New head for Confucius Institute

New head for Confucius Institute

The Confucius Institute, Nanyang Technological University (CI-NTU) is getting a new director this week.

National Institute of Education (NIE) senior lecturer Neo Peng Fu, 51, will succeed Dr Koh Hock Kiat, 53, who is leaving after nearly eight years as head of the institute, which offers Chinese-language and culture courses to children as well as adults.

When contacted by The Straits Times, Dr Neo, who is also president of the Singapore Society of Asian Studies, would only say that he is reporting to CI-NTU to take up the post on Thursday.

And even before the official announcement on the change, some supporters, lecturers and students at CI-NTU have already expressed surprise at the sudden departure of Dr Koh, an NTU academic on tenure who was a Chinese-language lecturer with the NTU-affiliated NIE before he was seconded to CI-NTU in 2005.

One of them is chartered insurer Liew Sing Hun, 80, a Nanyang University alumnus who initiated the $2 million CI-NTU Fund with a donation of $100,000 in 2007.

He said: "I cannot believe it because Dr Koh has been running the institute well, introducing many programmes including the Nanyang Literature Awards in 2008, the Lien Shih Sheng Youth Chinese Literature Fund a year earlier, in addition to talks and lectures by well known speakers from China and Taiwan since the beginning."

Meanwhile, Dr Koh has confirmed his resignation from the university, and told The Straits Times that he would be joining an international education group with schools in China and the region as one of its chief executive officers sometime next month.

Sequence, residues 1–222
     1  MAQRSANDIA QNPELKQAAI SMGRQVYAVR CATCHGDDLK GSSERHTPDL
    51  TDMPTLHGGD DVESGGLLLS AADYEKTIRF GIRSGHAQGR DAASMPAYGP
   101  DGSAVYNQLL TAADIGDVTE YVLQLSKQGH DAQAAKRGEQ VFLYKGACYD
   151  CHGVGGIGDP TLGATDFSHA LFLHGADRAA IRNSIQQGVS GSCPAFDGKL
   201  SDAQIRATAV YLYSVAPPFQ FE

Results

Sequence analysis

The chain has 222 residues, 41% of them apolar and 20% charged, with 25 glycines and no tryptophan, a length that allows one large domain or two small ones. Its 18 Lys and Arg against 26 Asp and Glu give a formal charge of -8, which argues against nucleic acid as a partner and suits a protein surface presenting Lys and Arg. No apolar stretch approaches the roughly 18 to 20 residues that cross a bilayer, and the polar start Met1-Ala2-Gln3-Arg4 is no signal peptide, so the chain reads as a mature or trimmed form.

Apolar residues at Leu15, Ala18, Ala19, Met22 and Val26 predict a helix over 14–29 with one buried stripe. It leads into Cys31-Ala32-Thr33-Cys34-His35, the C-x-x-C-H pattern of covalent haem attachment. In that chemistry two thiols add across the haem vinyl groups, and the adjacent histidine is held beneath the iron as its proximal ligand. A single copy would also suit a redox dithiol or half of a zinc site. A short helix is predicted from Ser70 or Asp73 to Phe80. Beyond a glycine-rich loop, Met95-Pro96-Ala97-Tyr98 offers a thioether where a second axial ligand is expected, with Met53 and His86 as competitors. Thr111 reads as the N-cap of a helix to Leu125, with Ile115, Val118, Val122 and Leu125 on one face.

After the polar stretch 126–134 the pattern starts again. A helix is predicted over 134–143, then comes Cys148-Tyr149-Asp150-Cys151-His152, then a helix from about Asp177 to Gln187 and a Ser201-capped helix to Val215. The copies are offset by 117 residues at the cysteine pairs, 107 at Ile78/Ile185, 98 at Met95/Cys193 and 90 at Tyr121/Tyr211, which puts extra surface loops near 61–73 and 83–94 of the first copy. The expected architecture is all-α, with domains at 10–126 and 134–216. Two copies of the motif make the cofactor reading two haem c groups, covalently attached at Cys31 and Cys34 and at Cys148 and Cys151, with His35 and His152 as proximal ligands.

"I have worked for NTU for almost 20 years and it is time for me to move on," he added.

It has been learnt that Dr Neo, a National University of Singapore (NUS) overseas graduate scholar who obtained his doctorate in ancient Chinese history from the University of California, Santa Barbara in 2000, was among three candidates shortlisted to succeed Dr Koh as early as in August this year.

He was finally chosen for his knowledge of Chinese intellectual history and Chinese education in Singapore, having written a book on schools set up by the Hokkiens here since the early 19th century.

Dr Neo had taught at NUS' Chinese Studies Department for about 10 years before joining NIE in 2010. CI-NTU at NTU's one-north campus in Buona Vista was opened officially in 2007.

Established jointly by NTU and China's Office of Chinese Language Council International, it is similar to other language promotion institutions like the British Council and Goethe Institut.

wengkam@sph.com.sg


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